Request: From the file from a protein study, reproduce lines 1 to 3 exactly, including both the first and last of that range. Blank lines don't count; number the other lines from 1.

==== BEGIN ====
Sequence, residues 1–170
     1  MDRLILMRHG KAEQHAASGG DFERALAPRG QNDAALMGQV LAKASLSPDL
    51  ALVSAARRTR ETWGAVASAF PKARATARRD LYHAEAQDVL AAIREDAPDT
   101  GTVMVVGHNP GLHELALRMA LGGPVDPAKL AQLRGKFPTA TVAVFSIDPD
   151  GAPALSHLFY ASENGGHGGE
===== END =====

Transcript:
Sequence, residues 1–170
     1  MDRLILMRHG KAEQHAASGG DFERALAPRG QNDAALMGQV LAKASLSPDL
    51  ALVSAARRTR ETWGAVASAF PKARATARRD LYHAEAQDVL AAIREDAPDT